a11y
    Full Member

    Where are you riding that you think you need 203mm rotors?

    I couldn’t get a suitable adaptor for the fork to allow a 180mm rotor! It was 203 or nothing, and certainly helps slow my bulk down…

    Are standard Shimano-supplied pads resin or sintered?

    druidh
    Free Member

    a11y – Member

    > Where are you riding that you think you need 203mm rotors?

    I couldn’t get a suitable adaptor for the fork to allow a 180mm rotor! It was 203 or nothing, and certainly helps slow my bulk down

    a11y – Member

    I get this sort of thing too – XT M765s, the 2-piston, silver ones. I’m using the original pads, 203mm/160mm rotors and have the same problems. Feel great at the levers but sod-all stopping power.

    This doesn’t strike you as a bit inconsistent?

    a11y
    Full Member

    Well they worked fine for the first few months, that’s what I meant to say.

    rapiddescent
    Full Member

    if you are getting a sort of uuuurrrrrrcccchhhhh noise then its pad contamination, probably from rather liberal spraying of GT-85 or WD-40 in the same room as the rotors. Most of my customers who have this also have OCD clean bikes. Remember that GT-85 etc sprayed in a confined place will somehow, defying the laws of physics, find its way onto the rotors.

    kevin1911
    Full Member

    My riding is around Scotland – mainly the Stanes or local trails (Falkirk/Stirling), but trying to venture out into nature more. The 200mm rotor came stock on my bike – this was before Shimano came out with the 180’s.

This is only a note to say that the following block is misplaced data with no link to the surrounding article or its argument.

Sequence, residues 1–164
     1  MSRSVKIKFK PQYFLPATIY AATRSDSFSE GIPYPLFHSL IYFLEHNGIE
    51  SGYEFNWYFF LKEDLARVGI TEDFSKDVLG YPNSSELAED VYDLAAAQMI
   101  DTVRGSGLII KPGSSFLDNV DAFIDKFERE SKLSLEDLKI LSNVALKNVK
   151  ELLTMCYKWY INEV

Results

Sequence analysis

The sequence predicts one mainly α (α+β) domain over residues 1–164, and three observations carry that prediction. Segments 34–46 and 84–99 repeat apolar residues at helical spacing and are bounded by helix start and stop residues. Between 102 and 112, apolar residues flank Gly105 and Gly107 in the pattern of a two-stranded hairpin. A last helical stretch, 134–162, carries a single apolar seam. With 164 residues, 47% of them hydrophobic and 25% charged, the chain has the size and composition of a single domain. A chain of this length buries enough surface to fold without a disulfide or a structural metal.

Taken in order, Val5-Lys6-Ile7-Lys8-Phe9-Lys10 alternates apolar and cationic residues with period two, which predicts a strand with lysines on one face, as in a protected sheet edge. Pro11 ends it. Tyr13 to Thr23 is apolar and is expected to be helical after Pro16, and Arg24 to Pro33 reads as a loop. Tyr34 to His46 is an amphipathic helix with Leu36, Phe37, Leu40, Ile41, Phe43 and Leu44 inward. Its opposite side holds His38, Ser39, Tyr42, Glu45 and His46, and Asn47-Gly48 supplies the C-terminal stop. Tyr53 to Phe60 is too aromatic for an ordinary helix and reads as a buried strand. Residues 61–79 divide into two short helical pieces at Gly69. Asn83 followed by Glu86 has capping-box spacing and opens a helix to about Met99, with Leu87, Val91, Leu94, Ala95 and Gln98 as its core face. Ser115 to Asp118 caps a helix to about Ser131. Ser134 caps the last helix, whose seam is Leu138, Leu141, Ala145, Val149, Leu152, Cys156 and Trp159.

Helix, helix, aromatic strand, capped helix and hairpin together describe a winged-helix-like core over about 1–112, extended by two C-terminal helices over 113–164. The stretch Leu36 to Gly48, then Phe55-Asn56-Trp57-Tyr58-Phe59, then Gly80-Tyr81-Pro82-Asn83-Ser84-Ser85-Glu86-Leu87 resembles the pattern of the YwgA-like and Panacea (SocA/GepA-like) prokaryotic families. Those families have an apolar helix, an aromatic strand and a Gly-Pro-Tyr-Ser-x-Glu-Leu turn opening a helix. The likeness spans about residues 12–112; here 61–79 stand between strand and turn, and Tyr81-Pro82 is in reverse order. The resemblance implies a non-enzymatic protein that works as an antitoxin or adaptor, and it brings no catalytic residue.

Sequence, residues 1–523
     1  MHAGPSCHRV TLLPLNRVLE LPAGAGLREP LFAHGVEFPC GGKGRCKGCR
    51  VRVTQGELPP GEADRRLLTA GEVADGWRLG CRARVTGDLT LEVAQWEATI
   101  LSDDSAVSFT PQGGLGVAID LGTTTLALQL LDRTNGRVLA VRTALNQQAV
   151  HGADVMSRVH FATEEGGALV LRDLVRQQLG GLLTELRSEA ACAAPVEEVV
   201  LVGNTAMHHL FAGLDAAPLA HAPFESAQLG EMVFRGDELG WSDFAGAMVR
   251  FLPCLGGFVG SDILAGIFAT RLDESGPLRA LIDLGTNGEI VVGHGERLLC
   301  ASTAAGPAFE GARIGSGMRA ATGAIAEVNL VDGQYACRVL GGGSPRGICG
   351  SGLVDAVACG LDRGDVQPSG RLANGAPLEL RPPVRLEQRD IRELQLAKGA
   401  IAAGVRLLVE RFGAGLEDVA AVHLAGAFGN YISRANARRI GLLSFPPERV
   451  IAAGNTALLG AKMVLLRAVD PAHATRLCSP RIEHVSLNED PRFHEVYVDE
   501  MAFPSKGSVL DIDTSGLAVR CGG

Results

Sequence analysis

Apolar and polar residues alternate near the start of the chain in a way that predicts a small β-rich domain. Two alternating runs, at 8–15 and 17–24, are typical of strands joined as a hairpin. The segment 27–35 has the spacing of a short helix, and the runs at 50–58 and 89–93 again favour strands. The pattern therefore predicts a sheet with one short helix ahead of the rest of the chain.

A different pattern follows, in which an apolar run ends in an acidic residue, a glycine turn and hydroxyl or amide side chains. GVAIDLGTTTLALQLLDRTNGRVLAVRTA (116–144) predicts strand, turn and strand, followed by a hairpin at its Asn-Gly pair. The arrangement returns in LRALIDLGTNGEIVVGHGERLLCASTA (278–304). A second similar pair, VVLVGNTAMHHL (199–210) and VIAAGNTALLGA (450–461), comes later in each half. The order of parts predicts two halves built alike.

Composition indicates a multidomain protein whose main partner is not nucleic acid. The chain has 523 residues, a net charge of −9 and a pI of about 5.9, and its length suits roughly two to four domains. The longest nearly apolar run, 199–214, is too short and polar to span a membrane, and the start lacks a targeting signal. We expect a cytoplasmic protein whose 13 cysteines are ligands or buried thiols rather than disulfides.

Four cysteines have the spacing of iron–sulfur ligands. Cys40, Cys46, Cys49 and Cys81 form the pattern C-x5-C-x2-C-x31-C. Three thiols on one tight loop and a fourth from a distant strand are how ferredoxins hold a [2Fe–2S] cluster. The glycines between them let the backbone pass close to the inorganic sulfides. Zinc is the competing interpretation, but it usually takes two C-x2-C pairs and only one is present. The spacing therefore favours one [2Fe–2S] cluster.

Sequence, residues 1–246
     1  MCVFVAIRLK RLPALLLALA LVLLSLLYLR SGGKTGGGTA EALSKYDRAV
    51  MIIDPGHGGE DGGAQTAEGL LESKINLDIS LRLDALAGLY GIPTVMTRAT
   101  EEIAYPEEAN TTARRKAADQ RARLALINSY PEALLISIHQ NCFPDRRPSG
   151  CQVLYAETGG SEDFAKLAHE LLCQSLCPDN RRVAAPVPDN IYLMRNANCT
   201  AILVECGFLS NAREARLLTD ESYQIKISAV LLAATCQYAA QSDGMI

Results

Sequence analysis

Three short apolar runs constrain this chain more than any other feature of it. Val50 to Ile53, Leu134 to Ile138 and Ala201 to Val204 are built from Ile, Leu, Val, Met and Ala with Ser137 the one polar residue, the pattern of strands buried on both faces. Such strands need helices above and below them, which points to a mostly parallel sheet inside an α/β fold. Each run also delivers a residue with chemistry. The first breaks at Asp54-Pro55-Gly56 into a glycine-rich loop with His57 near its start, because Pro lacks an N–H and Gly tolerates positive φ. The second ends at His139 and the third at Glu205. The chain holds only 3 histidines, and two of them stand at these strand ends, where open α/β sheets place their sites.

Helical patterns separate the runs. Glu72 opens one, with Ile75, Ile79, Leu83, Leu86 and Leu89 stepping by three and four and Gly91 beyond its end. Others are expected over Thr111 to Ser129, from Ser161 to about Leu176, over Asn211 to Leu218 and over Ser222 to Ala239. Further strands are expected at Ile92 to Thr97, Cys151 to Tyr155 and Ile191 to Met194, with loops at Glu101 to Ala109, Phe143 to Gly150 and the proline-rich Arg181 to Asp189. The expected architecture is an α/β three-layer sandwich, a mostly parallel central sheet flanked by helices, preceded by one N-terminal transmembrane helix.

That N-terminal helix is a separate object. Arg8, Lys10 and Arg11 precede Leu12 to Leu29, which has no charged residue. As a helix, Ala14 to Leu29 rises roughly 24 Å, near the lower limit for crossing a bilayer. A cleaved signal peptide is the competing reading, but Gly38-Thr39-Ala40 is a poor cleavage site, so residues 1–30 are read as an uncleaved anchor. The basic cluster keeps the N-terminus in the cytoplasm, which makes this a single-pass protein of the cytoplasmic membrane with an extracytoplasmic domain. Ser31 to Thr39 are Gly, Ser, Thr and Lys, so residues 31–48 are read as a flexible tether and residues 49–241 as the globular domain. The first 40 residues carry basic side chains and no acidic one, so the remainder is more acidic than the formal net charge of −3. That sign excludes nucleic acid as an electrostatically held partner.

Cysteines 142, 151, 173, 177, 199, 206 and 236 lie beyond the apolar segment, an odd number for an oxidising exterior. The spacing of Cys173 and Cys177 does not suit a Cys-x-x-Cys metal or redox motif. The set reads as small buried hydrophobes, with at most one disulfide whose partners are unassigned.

Rapiddescent – I think I know that uuuuuurrrrrcccchhhhh noise you mean, and yes my bikes are normally kept quite clean and well lubed, although I do tend to avoid spraying it unless I’m outside. One thing I had thought of was that when venturing further afield, my bikes are carried on a tow-bar mounted rack, and I was wondering if the emmisions from the exhaust were maybe contaminating the rotors, and then the pads. Is this likely/possible (I’ve no idea if burnt diesel is as slippy as non-burnt diesel). Do other people cover their discs when carrying their bikes on such carriers?

    rapiddescent
    Full Member

    actually, hadn’t thought of that because the rotors would definitely pick up oils from the road and the back of the car. I don’t really travel with the bike in/on a car anymore because of the sheer number of trails local to Stirling and so I’ve not had this on my own bikes. Also I don’t really clean them well enough!!

    If you need to burn off the oils, meet up with the stirling bike club for a fast ride down Dumyat (our local hill) and that will have the rotors glowing in no time at all !!!